Scientists now believe that there are 100 times as many habitable worlds in our galaxy than previously thought.
For years, the hunt for habitable extrasolar worlds has been synonymous with the hunt for water – a substance that is inexorably connected with the development and survival of life as we know it.
Now it seems as though worlds with subsurface oceans (like those found on Europa and Enceladus) may be significantly more commonplace than scientists had previously believed.
The key, according to new results presented at the Goldschmidt geochemistry conference in Lyon, France this week, is that such worlds are now thought to exist around red dwarf stars – small, cool stars that are particularly abundant throughout the galaxy.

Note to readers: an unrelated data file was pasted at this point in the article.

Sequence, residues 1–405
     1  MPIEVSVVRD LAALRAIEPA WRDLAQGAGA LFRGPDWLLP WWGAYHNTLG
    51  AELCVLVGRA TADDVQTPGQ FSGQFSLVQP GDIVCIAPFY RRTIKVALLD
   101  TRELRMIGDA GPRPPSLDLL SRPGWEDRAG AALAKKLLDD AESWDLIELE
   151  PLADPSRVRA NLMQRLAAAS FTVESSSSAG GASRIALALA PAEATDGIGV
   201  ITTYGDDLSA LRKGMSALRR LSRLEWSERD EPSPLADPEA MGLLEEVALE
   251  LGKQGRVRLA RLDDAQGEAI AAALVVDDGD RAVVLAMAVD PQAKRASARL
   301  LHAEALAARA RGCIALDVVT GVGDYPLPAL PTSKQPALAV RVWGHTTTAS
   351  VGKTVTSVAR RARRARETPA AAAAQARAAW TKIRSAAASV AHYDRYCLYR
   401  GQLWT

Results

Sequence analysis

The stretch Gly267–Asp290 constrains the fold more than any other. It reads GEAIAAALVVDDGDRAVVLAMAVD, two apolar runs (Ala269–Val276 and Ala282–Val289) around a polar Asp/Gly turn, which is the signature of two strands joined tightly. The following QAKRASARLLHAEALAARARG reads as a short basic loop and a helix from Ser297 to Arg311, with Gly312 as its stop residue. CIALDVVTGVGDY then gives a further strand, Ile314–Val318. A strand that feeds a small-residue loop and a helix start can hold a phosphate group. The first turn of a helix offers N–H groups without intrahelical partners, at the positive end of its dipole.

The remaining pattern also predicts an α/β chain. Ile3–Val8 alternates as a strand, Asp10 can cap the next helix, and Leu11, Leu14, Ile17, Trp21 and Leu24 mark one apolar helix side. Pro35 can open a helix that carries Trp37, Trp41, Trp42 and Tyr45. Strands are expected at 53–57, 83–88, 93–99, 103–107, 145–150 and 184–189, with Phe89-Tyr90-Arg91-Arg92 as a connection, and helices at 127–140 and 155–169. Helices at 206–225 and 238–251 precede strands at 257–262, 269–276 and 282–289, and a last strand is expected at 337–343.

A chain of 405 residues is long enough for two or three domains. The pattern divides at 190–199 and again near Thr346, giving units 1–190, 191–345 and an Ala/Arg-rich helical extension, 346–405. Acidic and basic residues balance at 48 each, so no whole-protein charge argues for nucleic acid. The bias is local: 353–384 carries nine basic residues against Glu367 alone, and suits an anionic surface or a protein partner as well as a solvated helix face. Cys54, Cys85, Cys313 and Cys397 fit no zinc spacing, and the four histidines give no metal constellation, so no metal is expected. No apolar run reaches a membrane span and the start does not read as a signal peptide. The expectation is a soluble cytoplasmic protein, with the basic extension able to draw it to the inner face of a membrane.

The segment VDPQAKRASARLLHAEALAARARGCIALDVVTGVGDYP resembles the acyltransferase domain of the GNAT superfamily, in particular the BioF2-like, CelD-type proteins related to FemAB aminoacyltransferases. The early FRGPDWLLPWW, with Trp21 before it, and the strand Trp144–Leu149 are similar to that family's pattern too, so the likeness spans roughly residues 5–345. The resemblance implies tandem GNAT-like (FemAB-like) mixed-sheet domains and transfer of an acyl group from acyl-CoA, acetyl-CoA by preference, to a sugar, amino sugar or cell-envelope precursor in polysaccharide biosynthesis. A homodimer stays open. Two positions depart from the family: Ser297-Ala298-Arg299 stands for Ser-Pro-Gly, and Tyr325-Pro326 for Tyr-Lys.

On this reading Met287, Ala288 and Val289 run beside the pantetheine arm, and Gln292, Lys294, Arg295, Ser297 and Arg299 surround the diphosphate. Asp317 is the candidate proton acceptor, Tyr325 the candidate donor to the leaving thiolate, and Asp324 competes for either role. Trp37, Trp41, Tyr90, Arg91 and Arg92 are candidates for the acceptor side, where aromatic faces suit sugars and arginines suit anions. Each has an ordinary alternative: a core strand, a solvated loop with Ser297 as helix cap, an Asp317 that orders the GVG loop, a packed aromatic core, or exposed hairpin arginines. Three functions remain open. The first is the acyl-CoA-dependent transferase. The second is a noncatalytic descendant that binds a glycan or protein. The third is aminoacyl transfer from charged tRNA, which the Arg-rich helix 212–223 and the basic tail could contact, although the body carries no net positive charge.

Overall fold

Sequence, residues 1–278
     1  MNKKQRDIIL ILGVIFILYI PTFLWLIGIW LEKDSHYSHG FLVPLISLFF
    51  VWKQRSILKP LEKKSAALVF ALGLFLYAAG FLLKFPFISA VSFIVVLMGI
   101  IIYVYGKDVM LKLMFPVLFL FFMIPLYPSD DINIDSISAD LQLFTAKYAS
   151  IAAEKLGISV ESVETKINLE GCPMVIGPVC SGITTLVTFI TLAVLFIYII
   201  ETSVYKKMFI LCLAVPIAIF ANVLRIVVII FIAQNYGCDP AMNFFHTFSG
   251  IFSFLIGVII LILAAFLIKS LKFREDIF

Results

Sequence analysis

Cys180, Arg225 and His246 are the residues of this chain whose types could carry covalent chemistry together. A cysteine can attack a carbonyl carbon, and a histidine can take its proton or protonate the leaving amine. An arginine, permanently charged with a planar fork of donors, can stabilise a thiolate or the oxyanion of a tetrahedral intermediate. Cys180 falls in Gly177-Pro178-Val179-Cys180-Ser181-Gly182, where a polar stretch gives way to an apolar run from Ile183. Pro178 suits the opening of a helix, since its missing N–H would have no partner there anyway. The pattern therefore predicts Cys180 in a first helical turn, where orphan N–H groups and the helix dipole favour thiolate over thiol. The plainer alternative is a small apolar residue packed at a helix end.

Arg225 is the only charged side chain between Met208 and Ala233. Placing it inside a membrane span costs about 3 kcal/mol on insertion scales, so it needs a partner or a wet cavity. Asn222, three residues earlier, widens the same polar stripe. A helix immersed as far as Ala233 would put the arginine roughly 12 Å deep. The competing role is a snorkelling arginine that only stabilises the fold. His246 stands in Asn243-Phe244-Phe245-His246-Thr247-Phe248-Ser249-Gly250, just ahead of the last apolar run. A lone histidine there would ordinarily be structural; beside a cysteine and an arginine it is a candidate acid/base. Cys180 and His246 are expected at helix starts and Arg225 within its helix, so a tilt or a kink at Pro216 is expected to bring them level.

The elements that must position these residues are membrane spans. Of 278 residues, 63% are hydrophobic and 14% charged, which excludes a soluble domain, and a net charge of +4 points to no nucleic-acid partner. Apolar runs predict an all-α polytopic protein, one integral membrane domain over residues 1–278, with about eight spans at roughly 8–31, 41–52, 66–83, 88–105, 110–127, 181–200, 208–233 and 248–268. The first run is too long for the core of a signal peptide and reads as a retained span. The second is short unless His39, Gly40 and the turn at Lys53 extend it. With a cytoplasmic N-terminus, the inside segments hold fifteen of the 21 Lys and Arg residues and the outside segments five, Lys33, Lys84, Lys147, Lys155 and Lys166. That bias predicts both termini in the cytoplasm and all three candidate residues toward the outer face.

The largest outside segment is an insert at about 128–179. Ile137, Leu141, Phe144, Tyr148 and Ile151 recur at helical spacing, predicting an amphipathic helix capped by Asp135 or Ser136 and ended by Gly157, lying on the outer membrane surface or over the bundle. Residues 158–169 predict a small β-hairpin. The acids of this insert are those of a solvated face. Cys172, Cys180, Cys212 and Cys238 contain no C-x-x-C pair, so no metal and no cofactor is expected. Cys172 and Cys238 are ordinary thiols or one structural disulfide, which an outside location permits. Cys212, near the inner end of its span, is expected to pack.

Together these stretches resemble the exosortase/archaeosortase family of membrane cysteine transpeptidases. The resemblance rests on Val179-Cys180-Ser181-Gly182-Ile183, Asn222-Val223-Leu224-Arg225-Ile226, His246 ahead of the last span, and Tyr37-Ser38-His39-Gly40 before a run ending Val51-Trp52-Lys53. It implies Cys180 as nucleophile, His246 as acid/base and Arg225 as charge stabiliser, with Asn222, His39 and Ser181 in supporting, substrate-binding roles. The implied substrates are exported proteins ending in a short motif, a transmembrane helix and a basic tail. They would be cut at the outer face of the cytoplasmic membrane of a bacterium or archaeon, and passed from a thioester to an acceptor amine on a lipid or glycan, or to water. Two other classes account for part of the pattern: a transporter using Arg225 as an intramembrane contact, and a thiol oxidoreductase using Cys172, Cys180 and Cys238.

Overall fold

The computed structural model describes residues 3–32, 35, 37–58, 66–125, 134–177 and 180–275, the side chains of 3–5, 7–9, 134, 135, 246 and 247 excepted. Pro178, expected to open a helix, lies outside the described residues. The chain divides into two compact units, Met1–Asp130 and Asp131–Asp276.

This is made possible by geothermal heat melting the ice on rocky terrestrial planets orbiting them.
“Most Earth-like exoplanets that we have found today orbit around M dwarfs,” planetary scientist Lujendra Ojha told Motherboard.
“Given that basal melting was something that likely happened and, depending on who you talk to, could have been one of the main ways of generating liquid water on our solar system’s planets billions of years ago, we wanted to ascertain what would be required for basal melting, and if this could happen on other planetary bodies.”
If these findings are correct, then it could mean that there are far more potentially habitable environments out there than anyone thought possible.